One day I hitchhiked from France to Indonesia. Only in Afghanistan I wasn’t able to hitchhike. Here’s the story of the border crossing between Iran and Afghanistan.
Hitchhiking from Mashhad to the border
After waking up in Mashhad, the holiest city in Iran, I did what I do best : Walk to the main road, and start to hitch a ride. As always in Iran, it wasn’t long until someone stopped his car and asked me where I was going. Locals were quite surprised to hear my final destination, Afghanistan. Despite being so close, none of them had actually been there before. I changed car a few times befor arriving to the Dogharoon border. To end my Iranian trip in a fitful fashion, the last of the 146 drivers who picked me up in these almost 3 months in Iran made a 40-kilometer detour to drop me at the border.
Complications at the Iranian immigration post
But when I arrived at the immigration post I started to ask myself : Maxime what are you doing here? It’s been a fun trip, but Afghanistan, really? People were all looking at me, the Iranian guard couldn’t read the Roman alphabet on my passport and this adventure started to feel like the worst idea I’ve ever had. My biggest fear was that some people passing by would call their “friends” telling them that a foreigner was right there, crossing the border. I had to seek multiple times the help of the only English-speaking officer to get a stamp out of the country.
What do you have in your bag ? asked me in Farsi the custom guard. After taking all of my belongings out, he raised an eyebrow on a bag full of white little cube. What is this ? He started to be even more aggressive than he already was. How could I explain him that I’ve been collecting soaps from the hotel I was working with in Iran in order not to have to buy any soap ever again? (Yes, traveling on such an extreme budget requires extreme measures…). I had to go get the English-speaking officer once again to make it through the last checkpoint. And then, here I was, ready to enter Afghanistan !
A part of me wondered if I should turn back before it was too late. Iran had been one of the safest countries I had ever been, while I had quite a lot of doubts about how safe would Afghanistan be. But an even stronger part of me really wanted to know what was going on in this infamous country. Do they deserve the sad reputation they have? I had to find out !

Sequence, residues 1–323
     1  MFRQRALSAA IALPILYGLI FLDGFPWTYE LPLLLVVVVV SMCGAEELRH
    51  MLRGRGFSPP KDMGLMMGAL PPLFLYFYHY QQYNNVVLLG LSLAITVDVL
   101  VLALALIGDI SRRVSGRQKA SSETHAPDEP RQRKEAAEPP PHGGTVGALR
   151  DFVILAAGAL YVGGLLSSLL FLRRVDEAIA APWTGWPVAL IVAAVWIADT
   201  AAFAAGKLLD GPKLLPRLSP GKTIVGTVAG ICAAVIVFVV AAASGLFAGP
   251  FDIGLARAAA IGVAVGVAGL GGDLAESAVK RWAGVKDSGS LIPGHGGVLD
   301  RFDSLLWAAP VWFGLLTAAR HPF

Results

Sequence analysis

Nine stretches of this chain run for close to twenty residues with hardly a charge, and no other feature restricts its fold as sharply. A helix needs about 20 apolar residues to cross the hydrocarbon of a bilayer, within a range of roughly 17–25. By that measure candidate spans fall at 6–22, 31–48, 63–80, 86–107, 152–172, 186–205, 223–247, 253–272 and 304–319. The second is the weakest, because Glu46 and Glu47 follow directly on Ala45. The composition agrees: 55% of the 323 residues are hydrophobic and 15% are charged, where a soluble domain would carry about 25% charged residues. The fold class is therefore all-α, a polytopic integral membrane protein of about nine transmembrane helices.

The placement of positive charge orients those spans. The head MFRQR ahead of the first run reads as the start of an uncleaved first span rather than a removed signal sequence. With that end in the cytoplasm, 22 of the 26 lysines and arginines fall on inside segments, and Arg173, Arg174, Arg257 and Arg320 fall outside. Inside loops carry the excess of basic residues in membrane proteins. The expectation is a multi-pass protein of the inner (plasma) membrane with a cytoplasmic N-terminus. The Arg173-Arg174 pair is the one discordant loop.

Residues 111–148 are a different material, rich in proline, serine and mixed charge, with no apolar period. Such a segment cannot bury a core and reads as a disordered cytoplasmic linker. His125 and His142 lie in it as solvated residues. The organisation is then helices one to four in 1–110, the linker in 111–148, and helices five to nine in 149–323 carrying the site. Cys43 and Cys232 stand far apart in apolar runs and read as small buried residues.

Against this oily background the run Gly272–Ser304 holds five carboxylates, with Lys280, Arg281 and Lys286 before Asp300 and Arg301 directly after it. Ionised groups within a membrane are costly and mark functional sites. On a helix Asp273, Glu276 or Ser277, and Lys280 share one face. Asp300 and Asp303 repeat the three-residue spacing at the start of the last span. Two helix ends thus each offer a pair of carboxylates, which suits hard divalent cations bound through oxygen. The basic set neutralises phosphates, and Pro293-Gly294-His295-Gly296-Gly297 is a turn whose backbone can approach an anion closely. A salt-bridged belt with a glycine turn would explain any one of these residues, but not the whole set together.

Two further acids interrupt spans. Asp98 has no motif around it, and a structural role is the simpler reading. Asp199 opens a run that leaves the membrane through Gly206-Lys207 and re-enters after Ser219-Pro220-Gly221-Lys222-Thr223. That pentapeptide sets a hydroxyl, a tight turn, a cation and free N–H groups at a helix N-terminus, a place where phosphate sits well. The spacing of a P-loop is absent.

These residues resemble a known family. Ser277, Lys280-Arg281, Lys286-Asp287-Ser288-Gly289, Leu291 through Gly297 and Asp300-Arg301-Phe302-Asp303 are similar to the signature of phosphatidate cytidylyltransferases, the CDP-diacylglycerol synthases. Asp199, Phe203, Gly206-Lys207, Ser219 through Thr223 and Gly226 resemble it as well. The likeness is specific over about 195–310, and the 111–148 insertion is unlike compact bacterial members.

The Afghan immigration? How come they speak English?
I walked confidently towards the post and handed my passport to the officer. Thanks to the Afghan visa I had gotten beforehand in Tehran, the immigration was much smoother on the Afghan side. I was pleasantly surprised to see that they could speak good English. 15 years of foreign occupation left some marks I supposed. Truly concerned about my safety, they directed me towards a special exit. I saw a few trucks passing by this exit and my first reflex was of course to raise my thumb to hitch a ride ! I had already hitchhiked all the way from France to this point, and I wasn’t planning on stopping this journey here, no matter how dangerous it was supposed to be. Two border guards were around me and we started to get to know each other. Since I came all the way here, I was very excited to have a conversation with some locals, and I asked to take a couple of pictures together. After waiting for a while I finally understood that trucks couldn’t stop here. They had to go through numerous many more checkpoints before being able to leave the border.
Are you Muslim ?
Since trucks couldn’t stop, I decided to backtrack and to go through the traditional exit, along with all the locals. It probably wasn’t the most clever idea I’ve ever had. It worked fine at the beginning, and then I arrived to a point where guards were shouting instructions in Dari (one of the two official languages of Afghanistan). One of them talked to me. I was torn between using the little bit of Farsi I had learned in Iran or keeping my mouth shut to avoid suspicion. I chose the second option, and they send me straight to an office. Immigration officers started to question what my intentions were. They switched to English after checking my passport.
Are you Muslim ? They asked me to which I answered no. This answer eased the atmosphere in the room. Many Europeans came to Afghanistan and joined the Talibans to get train using weapons. They were wondering if I was one of them or not. My answer seemed to reassure them that I was just a crazy traveler who decided to come explore their land. They directed me one more time towards the exit, and asked me to wait for a taxi.
As we headed towards the waiting spot, a taxi was already here with a few people around it. It turns out the taxi was already full, but we squeezed all together on the backseat. I paid 5 euros (yes, really, euros) to get a ride all the way to Herat, the closest big city located 130 kilometers away from the border. The first I had paid for a ride since leaving my home country France 6 months ago. And the start of my breathtaking adventures in Afghanistan…